when you analyse every inch of track every line, the entry points in corners, braking points, cheeky fast lines, talking to yourself to keep pushing, the prep of the bike getting your number etc etc, there is so much to focus on money is immaterial in a race.
£60 for two days entertainment is pretty cheap.
£40 is a bargain, provided you like that sort of thing. If you don't, then it's not. I've had a tiny bit of involvement in running some of these things so I know there's a ton more work than you'd believe involved, and even then I don't know the half of it.
One thing about enduro is that the entries are more limited in size- it's not xc where you can have 1500 riders, the format restricts you to generally maybe 300, 350 so those costs have to be spread quite thick.
No comment on the UKGE events til sunday as I've never actually raced one of theirs yet!
One of the sea to sky regions most popular and established races is in June. 75km point to point xc event
$95 dollar entry fee, 1000 riders, fastest its ever sold out is 4 minutes.
Race is almost entirely staffed by volunteers, swag, course food and apres entertainment provided by sponsors and the finish area coral has paid for expo tents.
They do an amazing job organising, co-ordinating and laying on a superb event and bringing people to Squamish and there is a percentage amount that goes into trail work, more into the local club and more again into grass roots kids programs. Still, its a pretty good sideline for the director of the 'not for profit' company that organize this race in a 4 race series... I wish I had the time to put together something this well supported and successful.. sadly not, so each year I pay my entry, da8n near kill myself, hate life for at least one hour of it but at the finish line look forwards to 'racing' again the next year!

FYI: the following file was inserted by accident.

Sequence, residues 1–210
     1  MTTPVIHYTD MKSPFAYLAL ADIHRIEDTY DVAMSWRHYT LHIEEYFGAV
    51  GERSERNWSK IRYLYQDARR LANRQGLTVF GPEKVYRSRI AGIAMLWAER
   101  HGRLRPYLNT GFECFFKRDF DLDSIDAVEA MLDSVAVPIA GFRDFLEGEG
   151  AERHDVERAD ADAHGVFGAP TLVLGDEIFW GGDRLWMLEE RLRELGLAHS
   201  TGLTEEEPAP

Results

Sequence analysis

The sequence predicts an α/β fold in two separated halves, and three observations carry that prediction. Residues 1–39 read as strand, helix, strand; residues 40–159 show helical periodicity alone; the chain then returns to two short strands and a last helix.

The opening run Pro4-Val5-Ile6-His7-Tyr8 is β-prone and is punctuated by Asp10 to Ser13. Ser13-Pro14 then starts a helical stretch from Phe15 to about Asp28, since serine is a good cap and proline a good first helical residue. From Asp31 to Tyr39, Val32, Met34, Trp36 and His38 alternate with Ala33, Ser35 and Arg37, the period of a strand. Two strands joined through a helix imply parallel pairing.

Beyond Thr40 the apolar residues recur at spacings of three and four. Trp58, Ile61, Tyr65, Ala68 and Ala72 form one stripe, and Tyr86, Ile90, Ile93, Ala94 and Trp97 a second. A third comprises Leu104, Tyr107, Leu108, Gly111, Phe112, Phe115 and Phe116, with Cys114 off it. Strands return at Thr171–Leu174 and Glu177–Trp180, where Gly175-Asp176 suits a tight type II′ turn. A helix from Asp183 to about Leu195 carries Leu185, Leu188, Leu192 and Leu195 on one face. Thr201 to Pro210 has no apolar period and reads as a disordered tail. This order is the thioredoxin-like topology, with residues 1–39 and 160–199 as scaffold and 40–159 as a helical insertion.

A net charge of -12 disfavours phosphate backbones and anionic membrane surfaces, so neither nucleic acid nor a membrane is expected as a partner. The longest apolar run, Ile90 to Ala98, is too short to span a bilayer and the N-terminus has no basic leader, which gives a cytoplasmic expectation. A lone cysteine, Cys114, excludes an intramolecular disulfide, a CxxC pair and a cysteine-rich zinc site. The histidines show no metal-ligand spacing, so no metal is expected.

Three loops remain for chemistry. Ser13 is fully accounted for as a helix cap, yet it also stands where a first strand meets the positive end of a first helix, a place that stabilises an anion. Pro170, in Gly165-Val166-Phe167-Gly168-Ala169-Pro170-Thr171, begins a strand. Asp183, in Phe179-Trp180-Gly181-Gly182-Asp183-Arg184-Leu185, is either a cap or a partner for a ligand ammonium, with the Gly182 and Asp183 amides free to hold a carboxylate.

£40 to enter an enduro...why?
Because you've been sucked in by marketing and bought an 'enduro' bike and now you need a suitable race.
Are they paying marshalls now?
I was in a road sportive the other day (ok, so not a race). The guy I was with somehow managed to cycle into the kerb, then went OTB and landed on his elbow. He took a look at the blood coming out and fainted.
At this point we dialled 999 but the emergency services eventually decided we weren't worth an ambulance and left us to our own devices. Fortunately, the private ambulance service put on by the sportive organisers (Action Medical Research) showed up, patched up his arm and took him and his bike back to the event HQ.
I'm not entirely sure how we would have got back to the start without their help (about another 25 miles) given that he later fainted again when he was in casualty. I guess we could have found a taxi somehow but it would have been awkward dripping blood all over their upholstery.